We were taught in our home that you know we were as good as anyone else. Could go anywhere we wanted to go and could be anybody we wanted to be. And so our parent’s strategy was to not focus on racism, but rather to focus on what you can be in your life and that you are just as good as anyone else. And my parent’s decision not to talk about race and racism was good in some ways. However, I remember sitting in an auditorium of my high school as an 11th grader, and I was taught a very important lesson about race at that time. You see, one of the speakers at my predominantly white high school informed those in attendance that his organization was going to help send the blacks back to Africa. Well at first I was excited because I’m thinking wow what a wonderful field trip I would love to go to Africa. I was just excited because our parents had always told us about traveling and we had gone on vacations, you know, they were local or they were, you know, to another state, but we traveled. And so we were looking forward to this wonderful first international trip. I didn’t know where they were going to get the money from, but I said, okay, this sounds good. Well, it wasn’t until I started observing kids from all racial backgrounds throwing things at this guy and the police having to be called so that they can escort him from the auditorium that I realized I don’t think he’s really talking about a field trip. You see, I was sadly taught about racism that day because our speaker wasn’t talking about a field trip, actually, he was talking about sending blacks back to Africa permanently. And that was my first real encounter, but I will tell you that I would go on to experience many more throughout my years. And my parents still weren’t very good about talking about it. In fact, it would really anger my father and it wasn’t until I was a full adult and he was in my home going through hospice that he actually told me stories, and told me things that he had experienced and told me why we didn’t stop at a motel or hotel while we were traveling, while we slept in our car close to a lit freeway so that people could see us if anything happened or why we didn’t eat at a restaurant and how we took our food with us, and we would eat in the car. He only at that time told us it was because of racism and he was afraid he would have to defend his family. And then he told me that he also worked on the railroad and was actually working on a train that was taking Asians who were going to concentration camps and how sad and how horrible he felt about working on those trains during that time. And so I will tell you not knowing I get what they were trying to do, but I think we should have had some information because that would have helped us to know how to manage the things that were to come, because then when they did come and they start coming like a flood gate opening then I was really messed up because I had never experienced it, heard about it or anything. And when it started coming so rapidly, I didn’t have all the tools I needed to know how to handle it.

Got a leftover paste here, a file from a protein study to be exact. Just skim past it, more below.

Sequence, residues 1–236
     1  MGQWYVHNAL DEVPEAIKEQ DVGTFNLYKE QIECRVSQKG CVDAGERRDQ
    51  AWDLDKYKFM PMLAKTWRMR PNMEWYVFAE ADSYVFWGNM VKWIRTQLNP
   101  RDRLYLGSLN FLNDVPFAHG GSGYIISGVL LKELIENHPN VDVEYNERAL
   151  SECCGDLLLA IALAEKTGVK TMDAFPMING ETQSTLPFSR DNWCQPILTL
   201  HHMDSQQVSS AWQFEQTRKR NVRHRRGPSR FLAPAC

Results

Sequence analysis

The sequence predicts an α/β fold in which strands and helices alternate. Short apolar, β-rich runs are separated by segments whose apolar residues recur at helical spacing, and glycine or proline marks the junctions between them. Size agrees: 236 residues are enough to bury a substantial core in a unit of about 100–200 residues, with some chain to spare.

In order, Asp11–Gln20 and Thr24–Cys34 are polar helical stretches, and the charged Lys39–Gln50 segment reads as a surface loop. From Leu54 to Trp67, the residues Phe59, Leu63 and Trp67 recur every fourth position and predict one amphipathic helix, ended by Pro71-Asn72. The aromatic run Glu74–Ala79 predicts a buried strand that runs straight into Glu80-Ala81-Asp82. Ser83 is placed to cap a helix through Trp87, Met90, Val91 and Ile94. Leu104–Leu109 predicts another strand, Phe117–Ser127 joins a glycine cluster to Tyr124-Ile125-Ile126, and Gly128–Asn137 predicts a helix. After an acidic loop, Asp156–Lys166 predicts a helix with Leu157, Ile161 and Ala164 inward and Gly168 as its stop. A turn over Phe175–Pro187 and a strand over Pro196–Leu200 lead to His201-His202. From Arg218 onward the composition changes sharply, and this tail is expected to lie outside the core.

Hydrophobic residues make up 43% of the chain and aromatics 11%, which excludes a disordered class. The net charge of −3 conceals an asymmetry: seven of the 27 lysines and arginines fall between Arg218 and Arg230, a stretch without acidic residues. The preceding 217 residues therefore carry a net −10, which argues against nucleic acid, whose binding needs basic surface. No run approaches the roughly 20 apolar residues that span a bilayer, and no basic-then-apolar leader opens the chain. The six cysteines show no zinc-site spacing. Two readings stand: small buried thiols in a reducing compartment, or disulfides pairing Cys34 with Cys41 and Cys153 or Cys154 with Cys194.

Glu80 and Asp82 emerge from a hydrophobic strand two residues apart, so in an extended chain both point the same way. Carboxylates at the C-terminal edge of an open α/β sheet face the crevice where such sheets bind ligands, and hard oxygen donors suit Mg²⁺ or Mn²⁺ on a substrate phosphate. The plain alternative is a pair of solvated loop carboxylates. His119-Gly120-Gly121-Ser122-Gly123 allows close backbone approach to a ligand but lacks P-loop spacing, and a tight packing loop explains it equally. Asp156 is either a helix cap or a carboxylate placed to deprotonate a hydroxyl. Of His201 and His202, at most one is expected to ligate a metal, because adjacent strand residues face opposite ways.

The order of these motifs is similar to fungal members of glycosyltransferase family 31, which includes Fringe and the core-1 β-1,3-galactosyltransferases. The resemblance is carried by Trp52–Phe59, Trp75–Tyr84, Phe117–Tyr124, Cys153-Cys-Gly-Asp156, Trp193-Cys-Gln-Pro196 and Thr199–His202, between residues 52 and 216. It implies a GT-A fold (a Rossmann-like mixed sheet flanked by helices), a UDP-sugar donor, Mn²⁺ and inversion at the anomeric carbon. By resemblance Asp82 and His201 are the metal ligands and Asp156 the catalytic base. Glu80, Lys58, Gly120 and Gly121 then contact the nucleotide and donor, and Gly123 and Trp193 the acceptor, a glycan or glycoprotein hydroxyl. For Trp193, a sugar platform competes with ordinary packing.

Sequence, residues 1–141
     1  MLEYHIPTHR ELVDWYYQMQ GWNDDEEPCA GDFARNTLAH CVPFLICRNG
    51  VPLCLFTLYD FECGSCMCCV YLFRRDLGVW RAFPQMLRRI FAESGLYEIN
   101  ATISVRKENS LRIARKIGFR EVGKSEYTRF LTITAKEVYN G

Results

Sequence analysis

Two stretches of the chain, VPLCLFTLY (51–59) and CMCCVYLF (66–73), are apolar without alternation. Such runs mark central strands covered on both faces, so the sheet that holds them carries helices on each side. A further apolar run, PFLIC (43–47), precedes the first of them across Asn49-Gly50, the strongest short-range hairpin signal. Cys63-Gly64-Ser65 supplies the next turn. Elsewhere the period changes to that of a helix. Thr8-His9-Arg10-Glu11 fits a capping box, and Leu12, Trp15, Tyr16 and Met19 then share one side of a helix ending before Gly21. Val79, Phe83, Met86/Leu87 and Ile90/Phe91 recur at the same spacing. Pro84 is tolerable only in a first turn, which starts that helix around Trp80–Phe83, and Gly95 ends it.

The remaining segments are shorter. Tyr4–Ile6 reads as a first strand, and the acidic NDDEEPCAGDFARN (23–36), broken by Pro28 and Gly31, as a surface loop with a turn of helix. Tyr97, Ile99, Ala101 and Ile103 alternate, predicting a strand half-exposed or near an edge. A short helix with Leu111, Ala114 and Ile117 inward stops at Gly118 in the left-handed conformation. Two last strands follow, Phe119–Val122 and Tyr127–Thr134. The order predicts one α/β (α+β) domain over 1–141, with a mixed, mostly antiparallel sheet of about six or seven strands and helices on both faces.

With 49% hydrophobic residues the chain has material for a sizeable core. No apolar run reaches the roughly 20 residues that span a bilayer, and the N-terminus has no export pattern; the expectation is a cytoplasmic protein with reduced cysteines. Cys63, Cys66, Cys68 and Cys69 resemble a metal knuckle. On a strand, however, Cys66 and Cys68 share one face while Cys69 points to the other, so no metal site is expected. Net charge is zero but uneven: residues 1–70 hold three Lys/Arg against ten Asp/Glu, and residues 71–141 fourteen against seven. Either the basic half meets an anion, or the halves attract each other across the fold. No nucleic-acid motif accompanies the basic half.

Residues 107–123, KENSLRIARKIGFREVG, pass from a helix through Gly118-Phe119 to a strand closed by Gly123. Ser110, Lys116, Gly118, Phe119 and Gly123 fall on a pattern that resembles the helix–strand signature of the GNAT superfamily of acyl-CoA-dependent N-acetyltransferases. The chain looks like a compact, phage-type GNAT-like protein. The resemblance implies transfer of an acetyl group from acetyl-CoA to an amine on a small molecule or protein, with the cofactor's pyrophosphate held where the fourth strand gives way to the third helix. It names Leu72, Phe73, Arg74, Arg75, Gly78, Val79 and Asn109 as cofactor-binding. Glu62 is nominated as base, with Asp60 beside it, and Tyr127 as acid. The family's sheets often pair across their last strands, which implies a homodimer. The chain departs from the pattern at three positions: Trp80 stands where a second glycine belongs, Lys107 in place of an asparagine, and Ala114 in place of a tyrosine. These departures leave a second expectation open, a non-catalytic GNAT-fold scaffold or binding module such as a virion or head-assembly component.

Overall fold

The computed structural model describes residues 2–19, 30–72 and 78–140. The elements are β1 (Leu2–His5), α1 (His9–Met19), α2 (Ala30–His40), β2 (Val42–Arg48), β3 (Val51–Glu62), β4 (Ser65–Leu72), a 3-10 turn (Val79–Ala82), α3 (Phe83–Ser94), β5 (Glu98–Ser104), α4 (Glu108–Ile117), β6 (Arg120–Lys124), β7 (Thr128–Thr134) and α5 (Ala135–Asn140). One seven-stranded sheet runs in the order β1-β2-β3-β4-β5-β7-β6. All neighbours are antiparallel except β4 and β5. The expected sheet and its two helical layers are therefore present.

That’s quite a story and so interesting. I mean, your dad had an amazing story that you didn’t really hear until late in his life and of course later in your life, So, I’m wondering if you could talk a little bit about that. What is race and racism, how are they different?